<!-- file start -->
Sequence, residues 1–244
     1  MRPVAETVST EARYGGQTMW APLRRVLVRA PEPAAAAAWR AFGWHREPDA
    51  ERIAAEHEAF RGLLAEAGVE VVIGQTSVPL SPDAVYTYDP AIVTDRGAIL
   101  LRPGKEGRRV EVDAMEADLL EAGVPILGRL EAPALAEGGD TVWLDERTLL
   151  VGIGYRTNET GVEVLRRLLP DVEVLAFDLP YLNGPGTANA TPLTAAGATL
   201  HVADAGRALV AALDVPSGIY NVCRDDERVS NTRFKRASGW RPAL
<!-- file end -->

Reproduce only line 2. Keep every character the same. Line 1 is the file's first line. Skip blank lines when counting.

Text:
     1  MRPVAETVST EARYGGQTMW APLRRVLVRA PEPAAAAAWR AFGWHREPDA